Justice needs advocacy

“The existence of an appeal system is no safeguard of justice in the absence of adequate advocacy.”

Donald Boyd

It is commonly assumed that the right of appeal corrects injustice in a system. This is not true. It is adequate advocacy that begins the process of justice.

If one does not have access to adequate advocacy in any given system, then injustice will continue unidentified and unchecked in that system.

The legal profession has an adage – “The man who represents himself has a fool for a client and an ass for a lawyer.” This is tantamount to saying that everyone needs adequate advocacy. This is tantamount to saying that we need a National Justice Service free at the point of entry.

“Get a lawyer” is a cop-out. Only the very rich and the very poor can afford to have a lawyer, because the poor receive Legal Aid from the public purse.  Not only does this give the rich and the poor an advantage over middle-income earners, but it is contrary to natural justice.  If there is not equal access to legal process there is injustice. Those who feel the obligation to advise you to ‘get a lawyer’, should also feel the obligation to advise you where such a service is available and how it meets your needs.

Institutional advocacy

Each organisation should provide adequate advocacy. Usually an organisation pays for legal defence against outside attack, but it is just as common for an organisation to use that same legal set-up to crush an appeal from within its own ranks. An appeal system on its own is no safeguard for justice being done. One needs adequate advocacy.

Personal representation

Representing oneself is not advisable. Operating pro se (Latin: ‘for oneself’) 1. is not objective enough; 2. lacks the capacity to consult with others during a process and requires the ability to think on one’s feet; and 3. suffers from lack of familiarity with the legal framework and prior case law, which applies also to lawyers themselves, who usually specialise in only one or two areas of law.

Why would one want to represent oneself? 1. fundamentally, because one knows one’s own case better than any lawyer can. 2. changing lawyers when they are unavailable can be time-consuming and costly. 3. an ill-prepared advocate, one lawyer standing in at the last minute for another lawyer, can too easily make mistakes. 4. there may not be an available lawyer with the training to deal with a disabled, deaf or blind client or the multitude of other factors that can arise. 5. finance is the primary reason why one might not engage a lawyer. 6. many situations expect personal representation, such as an initial disagreement in one’s employment, a visit from law enforcement personnel, letters from government officials, meetings with social services, etc.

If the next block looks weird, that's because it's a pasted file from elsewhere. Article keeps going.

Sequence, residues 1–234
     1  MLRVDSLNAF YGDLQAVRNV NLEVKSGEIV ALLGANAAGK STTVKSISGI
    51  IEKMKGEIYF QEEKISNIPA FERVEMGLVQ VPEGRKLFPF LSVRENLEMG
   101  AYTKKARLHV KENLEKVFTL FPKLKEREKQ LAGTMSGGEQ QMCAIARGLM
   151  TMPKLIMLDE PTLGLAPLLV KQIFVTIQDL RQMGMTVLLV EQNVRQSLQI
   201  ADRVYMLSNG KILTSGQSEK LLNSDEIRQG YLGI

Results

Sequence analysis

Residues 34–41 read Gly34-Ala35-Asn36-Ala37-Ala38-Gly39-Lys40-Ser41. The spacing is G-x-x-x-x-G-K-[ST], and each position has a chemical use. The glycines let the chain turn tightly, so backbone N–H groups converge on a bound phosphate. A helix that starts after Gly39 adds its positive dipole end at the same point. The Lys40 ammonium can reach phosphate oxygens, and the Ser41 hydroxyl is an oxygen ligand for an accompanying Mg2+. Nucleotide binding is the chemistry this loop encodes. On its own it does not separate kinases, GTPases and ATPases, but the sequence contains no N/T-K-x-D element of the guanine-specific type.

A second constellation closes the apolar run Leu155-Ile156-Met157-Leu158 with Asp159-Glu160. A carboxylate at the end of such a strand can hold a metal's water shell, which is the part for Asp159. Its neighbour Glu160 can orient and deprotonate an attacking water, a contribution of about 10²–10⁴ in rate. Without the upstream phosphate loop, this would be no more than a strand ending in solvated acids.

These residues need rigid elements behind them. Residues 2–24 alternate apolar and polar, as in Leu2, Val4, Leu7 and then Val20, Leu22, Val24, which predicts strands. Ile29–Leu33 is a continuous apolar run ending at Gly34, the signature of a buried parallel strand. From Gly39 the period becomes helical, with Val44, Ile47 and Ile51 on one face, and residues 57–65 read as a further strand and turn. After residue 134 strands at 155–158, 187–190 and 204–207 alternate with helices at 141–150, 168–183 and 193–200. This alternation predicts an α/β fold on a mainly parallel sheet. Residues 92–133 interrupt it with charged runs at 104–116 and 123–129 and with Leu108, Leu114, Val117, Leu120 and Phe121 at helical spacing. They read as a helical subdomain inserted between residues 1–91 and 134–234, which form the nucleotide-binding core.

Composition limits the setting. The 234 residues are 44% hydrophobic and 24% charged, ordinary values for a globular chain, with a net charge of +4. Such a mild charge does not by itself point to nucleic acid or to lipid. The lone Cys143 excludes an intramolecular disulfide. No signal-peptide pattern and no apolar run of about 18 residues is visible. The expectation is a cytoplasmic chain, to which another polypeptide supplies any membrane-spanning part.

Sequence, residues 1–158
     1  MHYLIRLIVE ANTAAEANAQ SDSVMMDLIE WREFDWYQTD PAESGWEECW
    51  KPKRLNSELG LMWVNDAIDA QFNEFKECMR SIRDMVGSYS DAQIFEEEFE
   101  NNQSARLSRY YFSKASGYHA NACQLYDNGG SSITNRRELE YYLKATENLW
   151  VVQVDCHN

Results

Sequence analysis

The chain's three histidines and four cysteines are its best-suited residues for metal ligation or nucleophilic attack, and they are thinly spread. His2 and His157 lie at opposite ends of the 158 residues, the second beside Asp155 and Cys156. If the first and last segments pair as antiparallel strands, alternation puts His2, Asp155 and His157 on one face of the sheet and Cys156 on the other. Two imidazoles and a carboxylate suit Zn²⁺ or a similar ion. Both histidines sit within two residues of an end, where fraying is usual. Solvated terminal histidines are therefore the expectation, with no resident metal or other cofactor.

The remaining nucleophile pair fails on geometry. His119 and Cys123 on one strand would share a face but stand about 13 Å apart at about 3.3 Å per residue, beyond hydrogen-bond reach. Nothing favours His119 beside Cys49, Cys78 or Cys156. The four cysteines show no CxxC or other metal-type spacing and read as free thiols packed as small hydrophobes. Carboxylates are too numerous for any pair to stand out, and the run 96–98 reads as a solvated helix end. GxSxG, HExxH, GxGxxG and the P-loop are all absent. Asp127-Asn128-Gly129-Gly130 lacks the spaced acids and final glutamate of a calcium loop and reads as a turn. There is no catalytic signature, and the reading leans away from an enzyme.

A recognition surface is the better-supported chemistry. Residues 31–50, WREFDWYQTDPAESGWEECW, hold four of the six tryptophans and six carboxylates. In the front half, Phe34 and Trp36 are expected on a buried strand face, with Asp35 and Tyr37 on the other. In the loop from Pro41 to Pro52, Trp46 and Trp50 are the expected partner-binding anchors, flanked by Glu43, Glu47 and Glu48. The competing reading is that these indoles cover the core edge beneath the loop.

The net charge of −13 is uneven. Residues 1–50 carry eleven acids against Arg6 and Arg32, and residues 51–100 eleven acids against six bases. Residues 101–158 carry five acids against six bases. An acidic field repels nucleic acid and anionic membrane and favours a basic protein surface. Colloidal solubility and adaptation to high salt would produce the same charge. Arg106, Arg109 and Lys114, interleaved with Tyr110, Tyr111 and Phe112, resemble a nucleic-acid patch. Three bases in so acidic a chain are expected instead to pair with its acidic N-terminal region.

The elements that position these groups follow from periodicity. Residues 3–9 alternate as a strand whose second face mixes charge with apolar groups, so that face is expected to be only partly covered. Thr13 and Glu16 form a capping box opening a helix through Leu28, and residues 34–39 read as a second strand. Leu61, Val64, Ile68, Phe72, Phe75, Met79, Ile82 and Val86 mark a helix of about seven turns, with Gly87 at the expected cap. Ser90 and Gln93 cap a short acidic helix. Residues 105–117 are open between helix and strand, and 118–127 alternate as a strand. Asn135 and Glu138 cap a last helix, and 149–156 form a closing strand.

At the very least, in this litigious age, we need to teach the basics of legal defence in primary and secondary schools. Literacy, composition and numeracy (the three R’s – reading, writing and arithmetic) are little help when faced with dismissal by a cantakerous boss abusing an employee who does not know how to defend themselves. In a former age, young men learned pugilistic and fighting skills, but in our age one needs a law degree to defend oneself. Even a high IQ is not sufficient.

Trade unions and Big Brother

It was the inability of the common man to stand against bullying employers that led to the development of trade unions and employment law. Now that the Big Brother state is controlling life at the domestic level, individuals need equivalent safeguards at the personal level. Inadequacy requires advocacy.

Civilised society

Just as one should not need to learn fisticuffs and self-defence in a civilised society, neither should one need to be a lawyer to defend oneself. There should be ready access to available advocacy in any given environment that threatens one’s civil and religious rights.

“Jesus said: Also, woe unto you lawyers! for you load men with difficult loads, and you yourselves do not touch the loads with one of your fingers … Woe unto you, lawyers! for you have taken away the key of knowledge.”

Jesus Christ: Luke 11:46,52

“If anyone sins, we have an Advocate with the Father, Jesus Christ the righteous.”

The apostle John: 1Jn 2:1


5 Sep 2020: Julian Assange is a case in point. He has lawyers and an appeal process, but no “friends at court”. He continues to suffer injustice at the hands of the British state. His persecutors need to be reminded that they will yet appear before the Judgment Seat of Christ 2Cor 5:10 – and who will be their advocate there?

31 Oct 2020: the date of this blogpost, 31st of October is known as Reformation Day, and the law needs reformation. View various blogposts on Reformation.

18 Mar 2021: Jess Philips MP on BBC Question Time said that the Labour Party is now looking at advocacy for rape victims. This will be an improvement over the current system that may rely upon an unsympathetic policeman or an incompetent prosecuting service taking on one’s case. However, the need goes much further than this, and we need a National Justice Service and legal reform.

1 Apr 2021: the appeal system interferes with local government. Local authorities cannot afford to use tax-payers’ money to defend appeals, especially planning appeals, by large corporations or developers.

Local authorities have proven to be ineffective in resisting large developers because of their need to justify expenditure against appeals by large developers. The Scottish Christian Party will revise planning legislation to restrict decision-making to the local authority who must establish local and community support before approval, on the principle of subsidiarity.

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